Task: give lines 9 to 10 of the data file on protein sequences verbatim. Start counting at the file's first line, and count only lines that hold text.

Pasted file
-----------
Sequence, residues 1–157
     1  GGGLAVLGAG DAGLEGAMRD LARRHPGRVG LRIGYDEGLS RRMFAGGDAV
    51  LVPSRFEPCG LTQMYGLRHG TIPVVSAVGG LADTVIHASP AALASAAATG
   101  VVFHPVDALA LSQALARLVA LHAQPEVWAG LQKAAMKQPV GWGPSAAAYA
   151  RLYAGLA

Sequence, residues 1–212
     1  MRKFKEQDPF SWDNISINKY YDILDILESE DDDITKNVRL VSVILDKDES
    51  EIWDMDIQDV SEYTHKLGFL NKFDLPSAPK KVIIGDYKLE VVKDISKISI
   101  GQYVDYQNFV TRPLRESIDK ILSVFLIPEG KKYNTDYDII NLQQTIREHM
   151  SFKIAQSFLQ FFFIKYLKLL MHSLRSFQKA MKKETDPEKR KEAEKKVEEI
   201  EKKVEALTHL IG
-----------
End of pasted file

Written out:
   101  GQYVDYQNFV TRPLRESIDK ILSVFLIPEG KKYNTDYDII NLQQTIREHM
   151  SFKIAQSFLQ FFFIKYLKLL MHSLRSFQKA MKKETDPEKR KEAEKKVEEI